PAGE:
July 8, 2009
Last week I was recruited to work as a deckhand on a 40-foot commercial Halibut long liner. I spent 5 days out in Hecate Strait catching fish that were bigger than I am using fishing lines that are 3 km long. We fished in water 60-100 fathoms deep (400-600 ft) not including the 2-3 meter high waves. I learned a lot about deep-sea fish. I also puked. We landed 2,300 lbs of halibut (~50 fish of which 8 weighed more than me), 500 lbs of snapper, a few other species, and my prize... one black cod. I can honestly say that I have never done anything where I have been so utterly filthy in my life. Perhaps the only thing dirtier was the colorful skipper's stories about all his ex-girlfriends!
Picture this: two men, covered from head to toe in full rubber rain gear on an unstable deck that is often awash with 12-degree sea water and covered in fish slime, blood, machinery, and thousands of fishhooks. There was a few times that I thought to myself, 'This is insane'. The first day the fishhooks were pre-baited with rotting fish heads and octopus bits. What smell! Like I said, I blew chunks, but only once the first day - enough times to empty the bran flakes. It was the combination of that rotting fish juice, the diesel engine stink, and the big choppy sea.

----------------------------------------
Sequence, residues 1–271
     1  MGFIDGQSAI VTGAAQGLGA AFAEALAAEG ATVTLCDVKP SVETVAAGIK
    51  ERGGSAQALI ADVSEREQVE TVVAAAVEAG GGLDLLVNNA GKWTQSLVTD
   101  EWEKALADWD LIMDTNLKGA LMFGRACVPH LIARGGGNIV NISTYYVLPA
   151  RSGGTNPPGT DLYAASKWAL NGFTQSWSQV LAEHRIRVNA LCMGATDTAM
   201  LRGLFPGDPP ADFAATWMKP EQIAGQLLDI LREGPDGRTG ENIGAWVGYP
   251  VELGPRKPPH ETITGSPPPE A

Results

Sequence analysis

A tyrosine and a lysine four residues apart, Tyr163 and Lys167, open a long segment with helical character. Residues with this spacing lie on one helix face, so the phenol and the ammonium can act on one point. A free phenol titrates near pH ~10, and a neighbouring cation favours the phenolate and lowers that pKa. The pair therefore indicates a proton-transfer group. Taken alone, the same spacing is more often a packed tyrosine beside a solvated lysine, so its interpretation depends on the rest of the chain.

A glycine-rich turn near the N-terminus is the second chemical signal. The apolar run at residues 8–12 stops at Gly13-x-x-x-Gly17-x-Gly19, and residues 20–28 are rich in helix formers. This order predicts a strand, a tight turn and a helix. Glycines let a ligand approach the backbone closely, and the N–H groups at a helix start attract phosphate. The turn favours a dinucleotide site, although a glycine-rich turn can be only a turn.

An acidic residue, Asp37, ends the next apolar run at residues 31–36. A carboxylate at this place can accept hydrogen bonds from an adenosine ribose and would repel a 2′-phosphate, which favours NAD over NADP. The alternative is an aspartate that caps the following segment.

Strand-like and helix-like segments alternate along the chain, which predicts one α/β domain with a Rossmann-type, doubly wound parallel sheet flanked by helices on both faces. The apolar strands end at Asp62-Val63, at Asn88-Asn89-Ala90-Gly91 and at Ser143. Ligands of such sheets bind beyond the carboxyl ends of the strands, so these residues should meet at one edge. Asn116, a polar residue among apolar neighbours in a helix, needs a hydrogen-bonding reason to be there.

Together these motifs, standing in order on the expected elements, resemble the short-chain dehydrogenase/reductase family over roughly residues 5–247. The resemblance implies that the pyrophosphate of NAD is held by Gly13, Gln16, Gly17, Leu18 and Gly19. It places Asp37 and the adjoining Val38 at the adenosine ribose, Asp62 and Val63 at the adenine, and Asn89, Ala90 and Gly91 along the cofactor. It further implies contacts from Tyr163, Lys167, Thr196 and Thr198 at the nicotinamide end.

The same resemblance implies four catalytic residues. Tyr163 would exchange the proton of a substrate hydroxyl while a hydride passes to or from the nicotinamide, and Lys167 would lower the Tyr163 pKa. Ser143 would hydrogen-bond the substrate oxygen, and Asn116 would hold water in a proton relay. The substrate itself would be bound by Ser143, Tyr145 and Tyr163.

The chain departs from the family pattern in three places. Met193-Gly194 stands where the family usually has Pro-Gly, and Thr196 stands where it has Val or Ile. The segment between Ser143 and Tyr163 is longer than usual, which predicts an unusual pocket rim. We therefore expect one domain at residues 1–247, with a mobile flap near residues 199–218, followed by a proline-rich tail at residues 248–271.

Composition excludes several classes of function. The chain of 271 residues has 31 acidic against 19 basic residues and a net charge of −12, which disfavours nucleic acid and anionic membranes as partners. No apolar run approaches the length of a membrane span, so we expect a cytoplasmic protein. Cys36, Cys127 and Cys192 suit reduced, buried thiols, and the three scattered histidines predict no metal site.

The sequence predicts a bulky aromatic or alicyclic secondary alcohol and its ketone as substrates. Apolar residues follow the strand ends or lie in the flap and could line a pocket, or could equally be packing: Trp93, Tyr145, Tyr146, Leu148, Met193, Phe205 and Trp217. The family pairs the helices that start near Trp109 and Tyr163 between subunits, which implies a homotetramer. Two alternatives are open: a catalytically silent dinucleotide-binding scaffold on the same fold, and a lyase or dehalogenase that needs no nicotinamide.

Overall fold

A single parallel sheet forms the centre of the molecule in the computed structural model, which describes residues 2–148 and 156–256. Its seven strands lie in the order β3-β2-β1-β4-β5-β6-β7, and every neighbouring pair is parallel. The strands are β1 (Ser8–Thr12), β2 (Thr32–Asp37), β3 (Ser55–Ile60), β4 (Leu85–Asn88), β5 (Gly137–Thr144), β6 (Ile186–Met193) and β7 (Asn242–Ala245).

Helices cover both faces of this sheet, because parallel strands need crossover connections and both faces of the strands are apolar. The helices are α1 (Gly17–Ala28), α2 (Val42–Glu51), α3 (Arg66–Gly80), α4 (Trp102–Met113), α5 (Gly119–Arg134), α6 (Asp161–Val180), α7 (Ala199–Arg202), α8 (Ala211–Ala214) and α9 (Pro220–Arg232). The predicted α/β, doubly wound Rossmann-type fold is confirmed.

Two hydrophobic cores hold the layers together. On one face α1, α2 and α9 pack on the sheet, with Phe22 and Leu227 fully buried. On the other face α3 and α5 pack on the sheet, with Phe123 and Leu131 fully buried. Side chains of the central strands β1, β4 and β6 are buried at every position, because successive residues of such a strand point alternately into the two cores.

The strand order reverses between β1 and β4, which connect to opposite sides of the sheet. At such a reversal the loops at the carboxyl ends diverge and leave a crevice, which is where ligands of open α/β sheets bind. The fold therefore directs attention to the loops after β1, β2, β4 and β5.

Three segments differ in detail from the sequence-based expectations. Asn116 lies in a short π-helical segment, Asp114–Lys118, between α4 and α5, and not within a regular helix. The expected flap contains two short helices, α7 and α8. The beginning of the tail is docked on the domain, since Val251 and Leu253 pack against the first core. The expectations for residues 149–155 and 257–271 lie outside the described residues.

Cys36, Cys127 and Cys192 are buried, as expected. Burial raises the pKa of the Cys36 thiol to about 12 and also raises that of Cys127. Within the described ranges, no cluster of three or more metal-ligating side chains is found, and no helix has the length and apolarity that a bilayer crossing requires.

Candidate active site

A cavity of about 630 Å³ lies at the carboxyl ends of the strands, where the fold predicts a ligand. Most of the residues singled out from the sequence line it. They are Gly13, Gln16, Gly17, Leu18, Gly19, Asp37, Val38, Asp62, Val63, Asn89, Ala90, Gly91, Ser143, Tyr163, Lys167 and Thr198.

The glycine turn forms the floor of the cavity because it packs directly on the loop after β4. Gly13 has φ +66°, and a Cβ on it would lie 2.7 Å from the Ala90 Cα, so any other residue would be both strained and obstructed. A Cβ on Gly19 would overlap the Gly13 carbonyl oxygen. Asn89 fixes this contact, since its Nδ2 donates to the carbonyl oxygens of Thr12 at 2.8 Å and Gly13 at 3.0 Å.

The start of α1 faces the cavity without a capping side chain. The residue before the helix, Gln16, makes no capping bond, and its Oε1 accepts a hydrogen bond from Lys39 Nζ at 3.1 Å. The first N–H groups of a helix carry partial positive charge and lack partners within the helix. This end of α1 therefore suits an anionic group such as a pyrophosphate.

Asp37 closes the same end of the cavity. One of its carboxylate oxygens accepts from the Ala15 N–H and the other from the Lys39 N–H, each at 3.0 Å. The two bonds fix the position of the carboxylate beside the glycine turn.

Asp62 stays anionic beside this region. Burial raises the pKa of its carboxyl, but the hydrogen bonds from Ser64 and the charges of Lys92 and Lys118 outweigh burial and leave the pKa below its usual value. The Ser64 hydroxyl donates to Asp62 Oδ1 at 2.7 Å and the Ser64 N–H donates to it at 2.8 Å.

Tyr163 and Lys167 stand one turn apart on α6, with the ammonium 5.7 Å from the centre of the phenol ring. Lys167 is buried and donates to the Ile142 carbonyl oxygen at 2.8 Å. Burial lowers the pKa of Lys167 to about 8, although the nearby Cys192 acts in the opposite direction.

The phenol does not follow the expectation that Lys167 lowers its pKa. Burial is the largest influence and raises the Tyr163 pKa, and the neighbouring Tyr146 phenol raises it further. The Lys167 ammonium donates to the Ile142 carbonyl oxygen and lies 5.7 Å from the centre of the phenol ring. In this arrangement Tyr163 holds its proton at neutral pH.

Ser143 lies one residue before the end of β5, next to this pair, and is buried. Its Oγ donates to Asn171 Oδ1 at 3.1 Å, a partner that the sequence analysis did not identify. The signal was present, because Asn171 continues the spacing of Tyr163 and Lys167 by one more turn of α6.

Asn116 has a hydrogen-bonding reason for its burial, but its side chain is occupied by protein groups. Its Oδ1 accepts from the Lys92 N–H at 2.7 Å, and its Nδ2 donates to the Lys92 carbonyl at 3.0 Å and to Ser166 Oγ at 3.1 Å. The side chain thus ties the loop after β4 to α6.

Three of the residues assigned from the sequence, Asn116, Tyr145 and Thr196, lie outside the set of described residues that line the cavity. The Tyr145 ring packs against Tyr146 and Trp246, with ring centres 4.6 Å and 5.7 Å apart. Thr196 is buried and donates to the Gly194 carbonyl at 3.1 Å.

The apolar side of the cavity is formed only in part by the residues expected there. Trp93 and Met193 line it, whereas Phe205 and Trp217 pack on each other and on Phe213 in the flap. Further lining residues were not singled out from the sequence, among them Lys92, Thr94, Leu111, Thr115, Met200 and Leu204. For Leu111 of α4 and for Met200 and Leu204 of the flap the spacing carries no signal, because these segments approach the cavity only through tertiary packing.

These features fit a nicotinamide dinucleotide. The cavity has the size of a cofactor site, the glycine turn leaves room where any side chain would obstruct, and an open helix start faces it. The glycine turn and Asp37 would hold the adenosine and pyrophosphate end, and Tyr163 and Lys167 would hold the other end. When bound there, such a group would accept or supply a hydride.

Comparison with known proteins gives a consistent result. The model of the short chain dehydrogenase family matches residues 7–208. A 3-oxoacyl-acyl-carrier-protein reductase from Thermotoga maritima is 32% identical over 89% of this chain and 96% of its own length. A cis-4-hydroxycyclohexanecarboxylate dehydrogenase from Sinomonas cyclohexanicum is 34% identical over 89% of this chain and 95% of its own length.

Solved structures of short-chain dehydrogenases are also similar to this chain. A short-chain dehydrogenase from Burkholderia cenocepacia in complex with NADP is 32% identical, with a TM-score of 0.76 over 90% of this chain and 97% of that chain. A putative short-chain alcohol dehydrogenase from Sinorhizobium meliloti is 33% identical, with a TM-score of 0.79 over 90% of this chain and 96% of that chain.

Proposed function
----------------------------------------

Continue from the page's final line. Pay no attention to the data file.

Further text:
Long lining basically works like this: I am at the back of the boat at the baiting tray loading hooks and controlling the drum where all the line is stored. We put out 4-600 feet of float line with two huge floats attached to it. Then the long line is attached to the float line and an anchor is attached and dropped. As soon as the anchor is on the line and descending, I start clipping massive (as big as my hand) fishhooks to the line. Now this is the really dangerous part because the line is going out really fast as you attach each hook. If the hook were to snag you, which could easily happen, you would get sucked out from the back of the boat and dragged down with the anchor! Apparently this happens once and a while. Sound insane yet? We do this for 3 km of line placing a hook about every three meters. That’s certainly numerous hooks! Then another float line is attached. It takes about 2 hours to set a line and we set two lines. The lines soak for about 4 hours then we go bring them up. The line is retrieved with a hydraulic winch and all the hooks are taken off and replaced in a rack. When a sea monster is attached, the line starts to shake and you can feel it pull the boat this way and that. The skipper yells “fish on” and I grab a gaff (meat hook), bend over the rail, and wait for fish to surface and open its mouth. Then WHAM! I ram to hook into its jaw and the skipper and I struggle to pull the fish aboard. I then cut one of the gills and let it bleed out on the deck. Pretty brutal really, but admittedly, it was a bit of a rush. That is until I almost fell over once. The idea of falling into the cold water near a huge angry fish with steel hooks sticking out of it has a steadying effect on my balance.